Tragic circumstances are imprinted all over Chicago outfit Slow Pulp’s debut Moveys. In fact, the album isn’t even the album originally intended for release, the original plan biting the dust so a series of life-changing events could capture the correct mood. Written whilst touring with Alex G, the first effort was scrapped and completely rewritten when singer Emily Massey saw an answer to her perpetual tiredness explained to her, doctors diagnosing her with both Lyme disease and a chronic mono. To add even more trauma to her life, her parents were then involved in a serious car accident.
Faced with having to come to terms with a completely new life direction and challenges therein, this rewriting was somewhat inevitable, as things previously seeming important suddenly became irrelevant. Thoughts then resulting in the self-produced, hauntingly subtle and poignant Moveys. In a sign of undoubted support for Massey that can only happen when friends are very tight-knit, her three fellow bandmates duly followed suit as their carefully laid plan was duly scrunched up and chucked into the bin.
Moveys follows a number of EPs, the most recent being 2019’s four-track Big Day. With the magnifying glass now a lot more self-focused, there’s some personal stuff here. Throughout the record, Massey’s gorgeously hushed vocal is the biggest asset on show as opener New Horse clearly demonstrates: the vocals are beautiful, as are the layers of blissful sound that create an intoxicating mix, the newly found self-awareness telling of needing to “treat myself better”.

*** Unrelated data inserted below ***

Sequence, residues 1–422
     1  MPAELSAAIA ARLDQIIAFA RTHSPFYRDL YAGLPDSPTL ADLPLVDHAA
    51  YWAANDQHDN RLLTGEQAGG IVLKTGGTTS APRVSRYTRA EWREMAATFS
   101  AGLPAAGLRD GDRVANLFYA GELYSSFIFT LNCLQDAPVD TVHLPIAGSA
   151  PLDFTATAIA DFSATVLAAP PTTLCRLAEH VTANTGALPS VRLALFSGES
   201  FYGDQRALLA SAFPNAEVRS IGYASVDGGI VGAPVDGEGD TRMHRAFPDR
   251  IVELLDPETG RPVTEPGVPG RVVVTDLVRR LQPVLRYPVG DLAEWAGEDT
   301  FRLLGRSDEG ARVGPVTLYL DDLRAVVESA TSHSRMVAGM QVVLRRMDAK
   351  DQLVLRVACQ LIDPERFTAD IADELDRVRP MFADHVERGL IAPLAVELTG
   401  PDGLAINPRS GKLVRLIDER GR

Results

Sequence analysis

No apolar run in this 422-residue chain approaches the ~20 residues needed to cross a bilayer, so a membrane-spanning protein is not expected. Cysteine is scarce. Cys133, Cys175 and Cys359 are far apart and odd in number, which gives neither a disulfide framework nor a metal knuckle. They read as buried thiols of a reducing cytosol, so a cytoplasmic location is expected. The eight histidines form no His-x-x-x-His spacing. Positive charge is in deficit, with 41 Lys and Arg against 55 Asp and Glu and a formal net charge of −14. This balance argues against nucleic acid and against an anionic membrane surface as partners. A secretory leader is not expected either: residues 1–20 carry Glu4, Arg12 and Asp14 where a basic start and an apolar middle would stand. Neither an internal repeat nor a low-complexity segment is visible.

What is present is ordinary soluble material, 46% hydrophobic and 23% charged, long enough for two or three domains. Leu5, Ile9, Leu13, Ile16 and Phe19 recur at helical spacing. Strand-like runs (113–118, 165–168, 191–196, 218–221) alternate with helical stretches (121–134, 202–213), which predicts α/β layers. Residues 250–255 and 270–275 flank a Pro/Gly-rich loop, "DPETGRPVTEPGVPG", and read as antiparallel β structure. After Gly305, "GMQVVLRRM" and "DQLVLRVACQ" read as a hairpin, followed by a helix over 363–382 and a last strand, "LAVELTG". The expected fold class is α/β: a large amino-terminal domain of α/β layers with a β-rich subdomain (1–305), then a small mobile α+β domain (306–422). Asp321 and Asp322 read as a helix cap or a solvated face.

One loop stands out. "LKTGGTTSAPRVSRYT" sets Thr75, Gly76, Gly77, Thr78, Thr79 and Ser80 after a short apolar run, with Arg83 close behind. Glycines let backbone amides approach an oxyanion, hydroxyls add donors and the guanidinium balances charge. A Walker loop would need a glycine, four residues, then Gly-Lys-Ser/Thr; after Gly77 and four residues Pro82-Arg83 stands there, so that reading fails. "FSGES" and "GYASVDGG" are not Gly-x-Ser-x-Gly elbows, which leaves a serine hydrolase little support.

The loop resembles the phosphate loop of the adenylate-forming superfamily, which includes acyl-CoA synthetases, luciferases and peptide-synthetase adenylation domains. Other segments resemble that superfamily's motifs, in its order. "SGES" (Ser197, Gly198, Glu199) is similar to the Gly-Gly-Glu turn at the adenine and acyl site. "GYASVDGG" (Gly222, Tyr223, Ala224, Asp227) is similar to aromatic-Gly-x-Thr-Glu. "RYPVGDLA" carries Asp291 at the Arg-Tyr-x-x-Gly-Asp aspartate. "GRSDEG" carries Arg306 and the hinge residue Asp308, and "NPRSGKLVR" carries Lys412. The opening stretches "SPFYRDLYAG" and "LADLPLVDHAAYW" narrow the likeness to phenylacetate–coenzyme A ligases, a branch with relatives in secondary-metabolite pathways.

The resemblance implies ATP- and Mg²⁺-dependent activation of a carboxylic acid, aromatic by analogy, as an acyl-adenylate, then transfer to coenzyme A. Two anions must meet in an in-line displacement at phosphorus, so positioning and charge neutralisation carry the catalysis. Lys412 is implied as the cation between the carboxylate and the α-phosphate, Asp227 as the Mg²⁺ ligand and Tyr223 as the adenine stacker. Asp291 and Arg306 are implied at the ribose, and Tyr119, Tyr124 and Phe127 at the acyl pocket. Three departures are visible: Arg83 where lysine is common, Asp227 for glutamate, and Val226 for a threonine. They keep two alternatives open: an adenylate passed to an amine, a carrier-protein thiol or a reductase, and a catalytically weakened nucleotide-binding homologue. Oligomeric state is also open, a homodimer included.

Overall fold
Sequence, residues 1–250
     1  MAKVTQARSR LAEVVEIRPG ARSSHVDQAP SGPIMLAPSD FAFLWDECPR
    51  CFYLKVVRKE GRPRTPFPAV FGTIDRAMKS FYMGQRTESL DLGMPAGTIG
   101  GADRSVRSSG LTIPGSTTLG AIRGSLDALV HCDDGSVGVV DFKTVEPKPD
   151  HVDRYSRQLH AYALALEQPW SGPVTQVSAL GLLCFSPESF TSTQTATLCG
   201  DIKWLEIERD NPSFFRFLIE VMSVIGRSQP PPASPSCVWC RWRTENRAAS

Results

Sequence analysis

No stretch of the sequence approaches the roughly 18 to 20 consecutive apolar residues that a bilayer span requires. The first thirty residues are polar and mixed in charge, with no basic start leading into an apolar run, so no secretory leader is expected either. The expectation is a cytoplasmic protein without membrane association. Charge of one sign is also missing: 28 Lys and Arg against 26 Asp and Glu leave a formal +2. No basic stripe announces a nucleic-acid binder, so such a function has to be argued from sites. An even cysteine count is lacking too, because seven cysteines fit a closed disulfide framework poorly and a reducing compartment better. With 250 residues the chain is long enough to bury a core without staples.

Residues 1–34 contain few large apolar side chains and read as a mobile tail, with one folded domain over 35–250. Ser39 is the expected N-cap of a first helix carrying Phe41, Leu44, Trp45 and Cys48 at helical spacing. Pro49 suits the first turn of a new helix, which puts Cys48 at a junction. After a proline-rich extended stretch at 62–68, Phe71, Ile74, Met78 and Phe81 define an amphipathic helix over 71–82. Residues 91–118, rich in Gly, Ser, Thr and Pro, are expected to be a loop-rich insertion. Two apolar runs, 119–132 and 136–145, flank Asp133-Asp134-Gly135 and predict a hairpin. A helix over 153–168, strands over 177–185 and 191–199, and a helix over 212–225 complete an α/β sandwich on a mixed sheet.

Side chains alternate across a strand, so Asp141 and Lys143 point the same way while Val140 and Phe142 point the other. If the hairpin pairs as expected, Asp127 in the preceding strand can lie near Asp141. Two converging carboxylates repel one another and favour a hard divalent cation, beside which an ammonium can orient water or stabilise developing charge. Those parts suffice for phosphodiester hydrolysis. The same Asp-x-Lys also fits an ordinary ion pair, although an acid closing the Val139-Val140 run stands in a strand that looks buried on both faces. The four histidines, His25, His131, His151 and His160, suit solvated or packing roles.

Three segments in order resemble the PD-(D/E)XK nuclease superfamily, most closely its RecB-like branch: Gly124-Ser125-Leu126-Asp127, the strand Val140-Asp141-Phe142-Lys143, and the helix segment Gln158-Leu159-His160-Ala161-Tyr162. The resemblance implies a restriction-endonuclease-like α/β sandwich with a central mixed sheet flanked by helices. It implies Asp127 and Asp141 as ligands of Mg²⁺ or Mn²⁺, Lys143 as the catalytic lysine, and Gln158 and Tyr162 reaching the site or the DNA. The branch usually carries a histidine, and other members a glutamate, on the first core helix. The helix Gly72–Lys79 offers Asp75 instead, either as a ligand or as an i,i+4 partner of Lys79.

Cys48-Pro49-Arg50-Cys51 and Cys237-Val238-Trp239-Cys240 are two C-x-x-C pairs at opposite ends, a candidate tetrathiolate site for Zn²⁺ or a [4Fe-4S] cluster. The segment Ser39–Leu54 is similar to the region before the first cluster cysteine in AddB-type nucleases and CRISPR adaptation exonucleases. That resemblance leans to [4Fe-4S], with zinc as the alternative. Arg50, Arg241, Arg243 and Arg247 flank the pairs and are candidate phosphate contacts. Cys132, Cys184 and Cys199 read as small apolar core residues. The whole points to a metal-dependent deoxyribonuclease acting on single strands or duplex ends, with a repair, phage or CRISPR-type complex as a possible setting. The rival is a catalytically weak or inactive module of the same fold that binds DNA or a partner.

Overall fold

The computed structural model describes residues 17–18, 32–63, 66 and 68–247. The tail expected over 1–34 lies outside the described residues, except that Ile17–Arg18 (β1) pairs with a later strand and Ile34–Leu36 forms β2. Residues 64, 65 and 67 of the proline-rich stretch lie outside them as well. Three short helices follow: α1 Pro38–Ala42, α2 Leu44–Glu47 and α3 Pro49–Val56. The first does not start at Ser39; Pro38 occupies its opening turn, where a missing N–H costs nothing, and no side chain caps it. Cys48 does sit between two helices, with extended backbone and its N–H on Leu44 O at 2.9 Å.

Lead single Idaho is undoubtedly the album’s finest moment though, despite the track erroneously referencing the state instead of Colorado thanks to guitarist Henry Stoehr’s confusion. Fuzzy guitars and delay pedals provide an echoing, resonating feel whilst vocals float lightly above further enchanting guitars. Mazzy Star are inevitably recalled, the song tackling the subject of, according to Massey, “learning how to accept other people’s love when you don’t love yourself”. Another single, Falling Apart, is again impressive as self-critical lyrics tell of “feeling like a deadbeat”, and being so good at falling apart that they keep going back to it for a cut that nods to Cigarettes After Sex, not least because of the almost whispered vocal lightness.
An isolated guitar hook sounds a little like Feeder’s Just The Way I’m Feeling during Trade It before more whispery, wispy vocals delight amongst more minimalist sections and spidery, weaving guitar lines for a subtle thing of lush beauty. Track is another to provide sublime vocals where they marry with more fuzzily divine guitars for a laid back look at life changes. The acoustic backed Montana then utilises slide guitar and harmonica for a slight change, self-critical lyrics stating, “I’m a loser with no chance”.
Aside from the general push towards subtlety and beauty, Whispers (In The Outfield) lasts under two minutes with just piano on show, closer Movey offers a more hip-hop beat sounding like a gate-crasher to the party, whilst the excellent Channel 2 marries a slow beat, fuzzy guitar and male vocal for a grungy number where a mesmerising guitar line snakes around the fuzz.
At under 30 minutes, Moveys isn’t the longest of albums, and isn’t much longer than many bands’ EPs. That works to its benefit though, as there’s little time to get bored, and there’s a distinct feeling that too much of this would be overkill. But for half an hour, it’s perfect. It may have had a painful journey with hellish events at every turn but Moveys is, for the most part, heavenly.